credit cards

Which credit cards allow co-signers?

close up of a credit card
Highlights
  • For young adults without jobs or assets, co-signing is the only way.
  • Some companies don't want the hassle of dealing with a joint account.
  • It's best to call the company ahead of time to understand the process.

In years past, college students could pick up new credit cards like bags of potato chips. Since Feb. 22, 2010, however, getting a credit card under the age of 21 hasn't been as easy. The Credit Card Accountability, Responsibility and Disclosure Act of 2009 prevents credit card issuers from issuing cards to underage consumers unless the applicant has a co-signer or can show "an independent means of repaying any obligation."

For young adults without jobs or assets, co-signing or becoming an authorized user on a parent or guardian's account is the only way to obtain a credit card in their own name. Co-signing differs from sharing an account with an authorized user in that both parties are jointly liable for repayment, while an authorized user isn't legally responsible for the debt.

Not all issuers allow co-signing

Despite the fact that co-signing is one of the only ways for young consumers to obtain a credit card, not every card issuer allows consumers to apply with a guarantor. Bankrate.com surveyed some of the largest card issuers and found that some simply don't permit co-signing.

A couple of issuers have begun disclosing upfront in student credit card solicitations that a co-signer is required by law in lieu of individual ability to pay. Bank of America and Discover started including this disclosure with mailed offers in the first quarter of 2010, says Anuj Shahani, director of competitive tracking services at Synovate, a firm that monitors credit card mailings.

Why doesn't every issuer accept co-signed accounts? Some institutions might be reluctant to deal with "the logistics" of servicing joint accounts, says Dennis Moroney, research director of bank cards at TowerGroup in Needham, Mass. With authorized users, he says, "there's no question about who owns the debt."

Which credit card issuers allow co-signing?
IssuerIs co-signing allowed?Comments
American ExpressNoThe parent or guardian can add their child as an authorized user, though. The primary card holder can use the "Custom Limits" feature to cap monthly spending on the young person's card.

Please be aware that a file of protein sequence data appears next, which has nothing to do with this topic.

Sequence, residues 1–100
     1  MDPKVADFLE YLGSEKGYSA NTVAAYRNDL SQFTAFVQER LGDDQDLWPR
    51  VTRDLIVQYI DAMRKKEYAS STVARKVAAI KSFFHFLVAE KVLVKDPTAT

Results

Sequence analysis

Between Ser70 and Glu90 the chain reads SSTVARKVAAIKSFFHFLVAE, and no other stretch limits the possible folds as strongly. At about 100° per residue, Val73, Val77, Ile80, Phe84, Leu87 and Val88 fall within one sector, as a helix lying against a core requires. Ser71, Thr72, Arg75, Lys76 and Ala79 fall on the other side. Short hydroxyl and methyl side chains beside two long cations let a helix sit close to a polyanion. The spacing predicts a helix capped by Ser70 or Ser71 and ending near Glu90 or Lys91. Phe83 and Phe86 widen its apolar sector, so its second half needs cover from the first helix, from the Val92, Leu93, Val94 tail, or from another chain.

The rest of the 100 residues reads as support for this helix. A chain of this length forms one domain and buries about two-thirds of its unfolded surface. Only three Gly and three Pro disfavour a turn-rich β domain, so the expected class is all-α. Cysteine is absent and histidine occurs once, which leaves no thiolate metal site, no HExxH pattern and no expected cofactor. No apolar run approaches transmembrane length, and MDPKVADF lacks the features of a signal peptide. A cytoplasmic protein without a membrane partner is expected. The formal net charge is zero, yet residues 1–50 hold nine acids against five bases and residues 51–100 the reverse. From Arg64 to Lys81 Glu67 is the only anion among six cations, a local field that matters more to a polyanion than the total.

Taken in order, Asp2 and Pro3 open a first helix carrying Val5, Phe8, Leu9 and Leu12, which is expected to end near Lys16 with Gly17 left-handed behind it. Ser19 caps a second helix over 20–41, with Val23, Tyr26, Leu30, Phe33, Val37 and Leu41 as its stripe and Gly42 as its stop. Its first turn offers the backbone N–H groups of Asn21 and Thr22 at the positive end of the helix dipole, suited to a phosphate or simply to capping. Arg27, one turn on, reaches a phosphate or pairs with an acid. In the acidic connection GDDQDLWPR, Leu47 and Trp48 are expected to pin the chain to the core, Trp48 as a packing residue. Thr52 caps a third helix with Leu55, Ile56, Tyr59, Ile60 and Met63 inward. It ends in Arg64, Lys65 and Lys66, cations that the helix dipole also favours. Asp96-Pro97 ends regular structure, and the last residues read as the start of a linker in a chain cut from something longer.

Bank of AmericaYesAfter qualifying, the parent or guardian could add the adult under 21 years of age to the account. "And a co-signer can be added to any credit card account," says spokeswoman Betty Riess.
Capital OneNoCo-signer accounts are not offered. "We're offering accounts to consumers under 21 based on means to independently pay," says spokeswoman Pam Girardo.
ChaseYes"Once the account is booked, a customer can request to add a joint account holder, but there is no option to do so on the new account application," says spokeswoman Gail Hurdis.
CitiNoCiti offers student credit cards where "no co-signer is required" -- meaning you need to have the ability to pay. "Citi does not offer a co-signer credit card for college students," says spokesman Samuel Wang.
DiscoverYes"Once we review the application, we will determine if they need a co-signer and then send them a notice," says spokesman Matt Towson.
Wells FargoYes"Per the CARD Act, applicants under 21 must submit written applications and their signatures and that of their co-applicant's must also be captured," says spokeswoman Lisa Westermann.

Check with the card issuer

Most people under 21 years of age can qualify for a credit card without a co-signer, says Nessa Feddis, vice president and senior counsel for regulatory compliance at the American Bankers Association.

"So many people under 21 have part-time jobs or assets. They work during the summer, earn money, and so, would therefore be eligible for a card," she says.

When co-signing is the likelier route, call ahead to the bank or credit union before applying to find out what the process involves. It may be a matter of submitting an application and letting the issuer decide whether a co-signer is necessary.

"If they do not qualify for the Visa with their income, then we can offer them a Visa with a co-signer," says Suzie Hagardt, lending manager at Rivermark Community Credit Union, in reference to applicants younger than 21. "Then we would just take the information from the co-signer and qualify them."

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